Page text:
How the brain pays attention to visual, cognitive, sensory, and motor cues has been represented in a wiring diagram that scientists have created.
The study, conducted by researchers at University of Utah, could help medical experts understand abnormalities in attention that can be seen in many brain disorders such as autism, schizophrenia, and attention deficit disorder.
"This study is the first of its kind to show how the brain switches attention from one feature to the next," said Jeffery S. Anderson.
"The brain is organized into territories, sort of like a map of Europe. There are visual regions, regions that process sound and areas that process sensory and motor information," he added.
In between all these areas lies a key area for processing attention called intraparietal sulcus, which contains a miniature map of all of these territories.
In addition, scientists discovered that this miniature map of all the things one can pay attention to is reproduced in at least 13 other places in the brain. They found connections between these duplicate maps and the intraparietal sulcus.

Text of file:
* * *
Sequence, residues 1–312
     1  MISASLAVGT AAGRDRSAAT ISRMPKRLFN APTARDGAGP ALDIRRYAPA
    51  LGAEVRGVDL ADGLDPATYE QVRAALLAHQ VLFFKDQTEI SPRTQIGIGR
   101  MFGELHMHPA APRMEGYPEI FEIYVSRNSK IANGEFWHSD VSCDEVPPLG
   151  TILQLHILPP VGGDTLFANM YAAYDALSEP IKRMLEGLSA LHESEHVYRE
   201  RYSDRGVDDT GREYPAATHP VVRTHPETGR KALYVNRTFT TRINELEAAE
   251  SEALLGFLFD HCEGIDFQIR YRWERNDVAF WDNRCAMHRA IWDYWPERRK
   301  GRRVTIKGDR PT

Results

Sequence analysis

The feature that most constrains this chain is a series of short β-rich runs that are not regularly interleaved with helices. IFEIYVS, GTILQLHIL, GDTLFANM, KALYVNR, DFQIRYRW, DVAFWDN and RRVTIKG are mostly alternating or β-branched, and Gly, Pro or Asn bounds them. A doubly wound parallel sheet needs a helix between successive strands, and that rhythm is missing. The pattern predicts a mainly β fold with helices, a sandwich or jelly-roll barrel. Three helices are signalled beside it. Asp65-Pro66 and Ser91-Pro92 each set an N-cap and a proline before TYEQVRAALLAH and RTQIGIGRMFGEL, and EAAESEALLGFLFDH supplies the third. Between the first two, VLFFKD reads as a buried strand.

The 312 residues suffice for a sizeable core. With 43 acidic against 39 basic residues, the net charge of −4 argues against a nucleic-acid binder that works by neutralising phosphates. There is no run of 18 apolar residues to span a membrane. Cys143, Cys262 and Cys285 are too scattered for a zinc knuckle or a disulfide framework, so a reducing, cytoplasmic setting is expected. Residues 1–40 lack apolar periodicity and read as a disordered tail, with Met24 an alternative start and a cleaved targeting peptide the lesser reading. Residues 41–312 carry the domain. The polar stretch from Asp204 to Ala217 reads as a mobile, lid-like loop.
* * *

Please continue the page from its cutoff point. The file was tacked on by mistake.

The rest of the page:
One map processes eye movements while another processes analytical information. This map of the world that allows us to pay attention may be a fundamental building block for how information is represented in the brain.
"The research uncovers how we can shift our attention to different things with precision. Furthermore, it has important implications for disease. There are several diseases or disorders where attention processing is off, such as autism, attention deficit disorder, and schizophrenia, among others."
The study appears Nov. 1, 2010, online in the Proceedings of the National Academy of Sciences (PNAS).